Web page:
During the Thirty Years' War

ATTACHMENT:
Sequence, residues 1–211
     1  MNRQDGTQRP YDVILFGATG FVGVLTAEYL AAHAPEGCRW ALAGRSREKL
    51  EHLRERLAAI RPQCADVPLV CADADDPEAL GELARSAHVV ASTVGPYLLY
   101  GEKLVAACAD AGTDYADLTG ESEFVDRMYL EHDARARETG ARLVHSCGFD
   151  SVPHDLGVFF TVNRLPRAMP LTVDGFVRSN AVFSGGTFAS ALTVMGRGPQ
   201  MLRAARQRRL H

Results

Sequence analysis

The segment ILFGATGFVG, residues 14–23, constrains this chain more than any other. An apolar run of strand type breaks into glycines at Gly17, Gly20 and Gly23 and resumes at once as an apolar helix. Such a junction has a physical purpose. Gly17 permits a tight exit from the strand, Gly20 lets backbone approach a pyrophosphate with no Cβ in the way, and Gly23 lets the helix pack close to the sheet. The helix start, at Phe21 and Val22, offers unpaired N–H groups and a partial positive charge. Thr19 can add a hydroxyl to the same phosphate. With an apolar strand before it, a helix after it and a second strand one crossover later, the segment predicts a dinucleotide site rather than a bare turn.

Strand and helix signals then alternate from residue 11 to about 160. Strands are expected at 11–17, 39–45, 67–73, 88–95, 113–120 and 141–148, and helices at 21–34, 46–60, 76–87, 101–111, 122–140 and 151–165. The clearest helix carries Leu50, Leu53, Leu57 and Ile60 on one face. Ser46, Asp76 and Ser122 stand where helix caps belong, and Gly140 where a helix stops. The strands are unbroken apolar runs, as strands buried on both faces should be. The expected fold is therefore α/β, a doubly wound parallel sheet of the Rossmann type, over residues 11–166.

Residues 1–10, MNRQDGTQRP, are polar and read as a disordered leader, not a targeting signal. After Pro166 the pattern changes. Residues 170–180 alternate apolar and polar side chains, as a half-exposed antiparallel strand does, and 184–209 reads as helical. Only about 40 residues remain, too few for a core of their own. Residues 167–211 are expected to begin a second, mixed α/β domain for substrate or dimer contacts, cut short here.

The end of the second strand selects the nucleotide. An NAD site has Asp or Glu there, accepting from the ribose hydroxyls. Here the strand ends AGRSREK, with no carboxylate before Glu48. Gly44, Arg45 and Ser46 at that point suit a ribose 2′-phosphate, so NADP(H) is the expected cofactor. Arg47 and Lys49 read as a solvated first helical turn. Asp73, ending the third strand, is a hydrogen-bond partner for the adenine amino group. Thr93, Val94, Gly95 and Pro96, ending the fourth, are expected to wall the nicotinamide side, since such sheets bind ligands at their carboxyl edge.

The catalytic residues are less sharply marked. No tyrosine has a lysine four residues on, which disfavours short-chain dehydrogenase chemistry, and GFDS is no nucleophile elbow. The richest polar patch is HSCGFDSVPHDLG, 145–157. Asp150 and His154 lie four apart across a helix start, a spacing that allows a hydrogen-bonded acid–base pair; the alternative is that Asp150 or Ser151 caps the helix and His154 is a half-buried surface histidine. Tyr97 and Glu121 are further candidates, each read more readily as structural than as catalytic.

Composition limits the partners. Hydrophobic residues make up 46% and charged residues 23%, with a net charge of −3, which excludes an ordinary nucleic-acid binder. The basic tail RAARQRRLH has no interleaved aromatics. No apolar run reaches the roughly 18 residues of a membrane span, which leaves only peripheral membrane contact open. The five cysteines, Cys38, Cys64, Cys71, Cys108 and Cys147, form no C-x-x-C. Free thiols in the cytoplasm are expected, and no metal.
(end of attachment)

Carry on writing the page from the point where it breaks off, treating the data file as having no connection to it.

In 1612 Jan Lohelius became the archbishop of Prague, his work at Strahov then being continued by the new abbot, Kašpar Questenberg. He continued in the expensive work started by Lohelius, completed the lower cloisters and prelature and even erected a new building in the form of St. Elizabeth's Hospital as well as out-buildings and a brewery. Furthermore, he founded the Norbertine seminary in the New Town, which was intended for the theological studies of members of the order. All this was achieved during the Thirty Years' War, when Kašpar Questenberg himself was forced by the violence to flee from Prague. The financial account of the costs incurred by his building activities amounted to about 100,000 tolars, which at that time was a very repectable sum for any building work. In this respect Kašpar Questenberg could calmly compete with such builders as his contemporary Albrecht of Wallenstein. One of the biggest events in the history of the Premonstratensian order, namely the transfer of the remains of St. Norbert, the founder of the order, from Magdeburg took place under Questenberg's abbacy. This came about in 1627, and since then the remains of the saintly founder have laid at rest in the abbey church. During Questenberg's time the Church of St. Roch was also completed. Originally it was a votive church whose construction was started by the Emperor Rudolph II in 1602 as an expression of thanks for the end of the plague in 1599. After numerous changes of fortune the church was completed, including its interior, by 1630.When Kašpar Questenberg died in 1640 his successor was Kryšpin Fuk, who continued in his work. Moreover, he gained renown for himself through his participation in the making of the river Vltava navigable in the sector called St. John's Rapids (Svatojánské proudy). During his period the abbey was plundered by Swedish troops towards the end of the Thirty Years' War. The church and the library were looted. After the departure of the Swedes, Kryšpin Fuk had the damaged abbey repaired again, his work being continued by the Abbots Ameluxen, Sutor and Franck. The last-mentioned had the prelature reconstructed and a new St. Elizabeth's Hospital built, because the original one built by Kašpar Questenberg was demolished during the construction of Baroque fortifications in Prague.